Java Champion / JavaOne Rockstar Adam Bien (adam-bien.com) is a self-employed consultant, lecturer, software architect, developer, and author in the enterprise Java sector. He is also the author of several books and articles on Java and Java EE technology, as well as distributed Java programming. adam has posted 59 posts at DZone. View Full User Profile

Crazy J2EE World - With Spring On Top

03.24.2010
| 5279 views |
  • submit to reddit
  1. "Powerful", expensive application servers were bought a few years ago. The reasoning was: reliability + support / maintenance contracts from a single vendor is the only viable solution for mission critical projects. For some reasons the most inefficient servers (from the development perspective) were the most popular.
  2. The "popular" J2EE servers were not frequently released and upgraded - so they are significantly lagging behind the "state of the art" technology. Furthermore the internal corporate policies don't allow to upgrade the platform too often - because of stability.
  3. Developers just wanted to use the latest and greatest and begun to overshadow the existing infrastructure with additional frameworks like Spring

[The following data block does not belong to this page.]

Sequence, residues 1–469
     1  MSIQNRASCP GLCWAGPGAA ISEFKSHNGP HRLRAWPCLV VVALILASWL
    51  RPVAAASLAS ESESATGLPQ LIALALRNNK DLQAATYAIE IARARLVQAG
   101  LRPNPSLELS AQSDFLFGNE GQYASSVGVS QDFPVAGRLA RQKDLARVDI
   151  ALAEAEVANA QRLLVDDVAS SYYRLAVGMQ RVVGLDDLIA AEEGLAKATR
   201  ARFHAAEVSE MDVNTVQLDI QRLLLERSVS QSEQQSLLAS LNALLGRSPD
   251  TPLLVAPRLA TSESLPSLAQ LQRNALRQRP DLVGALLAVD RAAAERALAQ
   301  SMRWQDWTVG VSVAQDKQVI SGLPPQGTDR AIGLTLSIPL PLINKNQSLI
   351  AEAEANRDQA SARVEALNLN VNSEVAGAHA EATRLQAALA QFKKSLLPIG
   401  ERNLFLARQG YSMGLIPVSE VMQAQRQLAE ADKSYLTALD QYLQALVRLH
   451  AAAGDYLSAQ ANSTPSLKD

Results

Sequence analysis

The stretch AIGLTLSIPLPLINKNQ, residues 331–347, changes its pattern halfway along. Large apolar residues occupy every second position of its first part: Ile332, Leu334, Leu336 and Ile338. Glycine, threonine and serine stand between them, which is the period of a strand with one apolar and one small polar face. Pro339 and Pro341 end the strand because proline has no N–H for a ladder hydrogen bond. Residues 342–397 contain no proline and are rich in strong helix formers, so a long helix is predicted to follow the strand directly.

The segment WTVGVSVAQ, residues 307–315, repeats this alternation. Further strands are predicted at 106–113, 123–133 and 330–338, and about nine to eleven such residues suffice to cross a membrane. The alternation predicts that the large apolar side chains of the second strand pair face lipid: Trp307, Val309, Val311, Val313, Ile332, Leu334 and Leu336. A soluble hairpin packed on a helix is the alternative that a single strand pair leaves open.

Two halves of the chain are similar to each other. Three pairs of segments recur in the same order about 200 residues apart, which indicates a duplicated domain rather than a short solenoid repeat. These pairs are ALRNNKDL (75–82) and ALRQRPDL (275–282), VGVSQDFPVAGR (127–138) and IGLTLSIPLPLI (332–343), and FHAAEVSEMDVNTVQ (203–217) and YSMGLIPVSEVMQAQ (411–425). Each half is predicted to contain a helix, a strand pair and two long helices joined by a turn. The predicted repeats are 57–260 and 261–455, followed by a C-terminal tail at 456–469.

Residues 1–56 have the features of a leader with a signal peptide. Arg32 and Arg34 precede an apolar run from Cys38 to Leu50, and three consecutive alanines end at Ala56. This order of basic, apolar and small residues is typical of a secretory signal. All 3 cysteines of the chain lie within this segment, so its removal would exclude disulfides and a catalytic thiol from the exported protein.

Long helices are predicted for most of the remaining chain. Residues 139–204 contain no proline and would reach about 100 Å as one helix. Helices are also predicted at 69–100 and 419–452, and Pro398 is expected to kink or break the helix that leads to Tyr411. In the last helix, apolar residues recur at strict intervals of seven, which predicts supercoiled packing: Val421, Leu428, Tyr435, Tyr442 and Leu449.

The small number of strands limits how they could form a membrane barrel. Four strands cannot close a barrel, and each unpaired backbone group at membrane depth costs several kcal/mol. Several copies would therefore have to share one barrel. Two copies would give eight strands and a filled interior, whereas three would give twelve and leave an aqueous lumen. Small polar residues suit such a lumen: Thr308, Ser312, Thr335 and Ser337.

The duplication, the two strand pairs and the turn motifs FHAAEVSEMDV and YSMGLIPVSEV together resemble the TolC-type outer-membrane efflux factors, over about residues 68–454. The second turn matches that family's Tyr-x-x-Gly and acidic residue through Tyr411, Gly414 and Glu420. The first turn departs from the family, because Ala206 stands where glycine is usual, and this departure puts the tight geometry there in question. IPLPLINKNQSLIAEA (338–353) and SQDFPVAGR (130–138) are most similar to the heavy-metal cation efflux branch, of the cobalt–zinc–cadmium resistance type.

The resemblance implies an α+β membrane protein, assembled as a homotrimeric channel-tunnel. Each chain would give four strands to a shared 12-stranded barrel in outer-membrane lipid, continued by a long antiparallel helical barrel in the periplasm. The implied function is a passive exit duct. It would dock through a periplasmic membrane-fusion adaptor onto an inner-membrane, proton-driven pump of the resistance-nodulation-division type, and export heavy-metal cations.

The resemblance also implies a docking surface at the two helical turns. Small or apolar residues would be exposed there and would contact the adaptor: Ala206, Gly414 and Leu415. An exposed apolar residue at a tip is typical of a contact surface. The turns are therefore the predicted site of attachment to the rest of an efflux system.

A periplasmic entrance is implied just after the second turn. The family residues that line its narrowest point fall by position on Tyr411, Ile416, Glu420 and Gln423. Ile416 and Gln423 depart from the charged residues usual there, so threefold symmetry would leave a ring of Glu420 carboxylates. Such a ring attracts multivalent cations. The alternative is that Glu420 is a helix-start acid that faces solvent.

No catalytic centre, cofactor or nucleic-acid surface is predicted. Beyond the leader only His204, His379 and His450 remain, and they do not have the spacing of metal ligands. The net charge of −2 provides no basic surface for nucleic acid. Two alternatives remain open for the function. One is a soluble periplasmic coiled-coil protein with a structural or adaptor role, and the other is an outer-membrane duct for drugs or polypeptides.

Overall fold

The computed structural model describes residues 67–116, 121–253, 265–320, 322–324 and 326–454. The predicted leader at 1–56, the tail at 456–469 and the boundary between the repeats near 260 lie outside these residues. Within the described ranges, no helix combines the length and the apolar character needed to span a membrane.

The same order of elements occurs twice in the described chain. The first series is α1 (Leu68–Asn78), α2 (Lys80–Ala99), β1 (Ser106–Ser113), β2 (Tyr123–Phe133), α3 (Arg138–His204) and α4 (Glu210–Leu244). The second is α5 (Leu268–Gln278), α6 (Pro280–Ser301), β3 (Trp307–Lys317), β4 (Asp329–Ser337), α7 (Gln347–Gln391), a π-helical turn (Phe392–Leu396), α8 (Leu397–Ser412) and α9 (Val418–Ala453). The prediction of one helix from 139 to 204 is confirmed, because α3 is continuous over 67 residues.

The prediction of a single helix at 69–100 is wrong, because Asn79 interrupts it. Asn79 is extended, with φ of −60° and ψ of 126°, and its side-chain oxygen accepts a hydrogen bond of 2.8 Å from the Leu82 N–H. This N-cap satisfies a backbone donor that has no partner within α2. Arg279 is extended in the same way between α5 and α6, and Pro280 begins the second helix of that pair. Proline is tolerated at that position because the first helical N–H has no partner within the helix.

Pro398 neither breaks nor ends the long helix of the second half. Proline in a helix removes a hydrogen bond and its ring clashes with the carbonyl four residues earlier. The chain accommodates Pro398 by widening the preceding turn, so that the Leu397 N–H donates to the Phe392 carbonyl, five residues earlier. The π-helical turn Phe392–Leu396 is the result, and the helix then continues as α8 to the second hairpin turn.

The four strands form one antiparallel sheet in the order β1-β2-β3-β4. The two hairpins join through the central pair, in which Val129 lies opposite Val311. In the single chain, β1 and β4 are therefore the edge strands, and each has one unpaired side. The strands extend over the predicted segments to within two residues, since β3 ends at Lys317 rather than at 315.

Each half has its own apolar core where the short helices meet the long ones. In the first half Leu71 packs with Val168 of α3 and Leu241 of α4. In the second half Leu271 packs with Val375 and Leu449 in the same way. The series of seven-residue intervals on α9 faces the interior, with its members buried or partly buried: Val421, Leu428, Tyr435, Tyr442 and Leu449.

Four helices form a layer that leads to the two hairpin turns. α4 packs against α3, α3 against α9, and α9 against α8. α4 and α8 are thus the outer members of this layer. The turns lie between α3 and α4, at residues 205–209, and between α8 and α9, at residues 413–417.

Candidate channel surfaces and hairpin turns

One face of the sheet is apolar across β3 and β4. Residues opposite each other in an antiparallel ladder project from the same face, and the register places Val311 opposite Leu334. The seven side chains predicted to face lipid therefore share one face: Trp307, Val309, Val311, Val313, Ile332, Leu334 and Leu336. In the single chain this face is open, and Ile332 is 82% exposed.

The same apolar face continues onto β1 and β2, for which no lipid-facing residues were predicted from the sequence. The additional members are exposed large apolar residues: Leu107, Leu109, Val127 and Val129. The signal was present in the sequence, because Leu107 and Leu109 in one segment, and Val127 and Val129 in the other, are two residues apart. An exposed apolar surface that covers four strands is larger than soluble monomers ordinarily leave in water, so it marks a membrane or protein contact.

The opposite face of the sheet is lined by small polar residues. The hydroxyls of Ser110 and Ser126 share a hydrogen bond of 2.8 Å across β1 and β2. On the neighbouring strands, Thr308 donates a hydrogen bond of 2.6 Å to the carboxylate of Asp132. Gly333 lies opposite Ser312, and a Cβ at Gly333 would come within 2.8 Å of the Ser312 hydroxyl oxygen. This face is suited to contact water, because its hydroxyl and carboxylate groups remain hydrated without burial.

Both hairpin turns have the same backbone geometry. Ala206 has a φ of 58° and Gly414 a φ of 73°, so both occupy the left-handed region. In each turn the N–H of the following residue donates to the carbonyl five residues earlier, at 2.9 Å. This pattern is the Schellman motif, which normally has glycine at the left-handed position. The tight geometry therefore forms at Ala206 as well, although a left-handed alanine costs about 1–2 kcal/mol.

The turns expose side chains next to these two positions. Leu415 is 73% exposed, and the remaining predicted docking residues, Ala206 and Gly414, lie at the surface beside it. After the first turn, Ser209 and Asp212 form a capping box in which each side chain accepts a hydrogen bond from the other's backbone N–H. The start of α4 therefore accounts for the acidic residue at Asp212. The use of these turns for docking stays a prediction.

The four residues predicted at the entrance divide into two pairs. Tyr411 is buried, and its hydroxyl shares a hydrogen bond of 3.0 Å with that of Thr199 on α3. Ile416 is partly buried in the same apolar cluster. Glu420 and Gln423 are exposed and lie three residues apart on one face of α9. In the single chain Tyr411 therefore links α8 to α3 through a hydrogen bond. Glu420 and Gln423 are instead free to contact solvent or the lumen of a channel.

4. In these cases Spring took more and more responsibility - at the end only about 5% of the bought functionality was used. 95% came from Spring and alternatives (like e.g. Hibernate)
  5. Spring is deployed with the application - upgrades are easy, because the server functionality is actually not used. Operations don't noticed that - so there was no problem so far :-)
  6. Because the server license was expensive and also maintenance costs had to be paid - there is no more budget left for commercial support for Spring. So only 5 % of the overall functionality is supported. The whole application is actually unsupported - so money for nothing.
  7. Because the mix of Spring + overloaded Servers works - sometimes it became strategic.

Running unsupported software on overloaded and slow application servers became a "best practice". 95% of the unused services consume productivity, CPU-cycles, memory and increase the complexity. I'm sometimes asked how I was able to introduce something new into "enterprise" environments. Its simple. I made the craziness transparent and explained what it actually means :-). Because Java EE 5/6 is very similar to Spring - the future of Enterprise Java is clear - either full-stack Java EE or full-stack Spring. The mix is not very efficient and also not reasonable - especially not in the economic downturn.

From http://www.adam-bien.com

Published at DZone with permission of its author, adam bien.

(Note: Opinions expressed in this article and its replies are the opinions of their respective authors and not those of DZone, Inc.)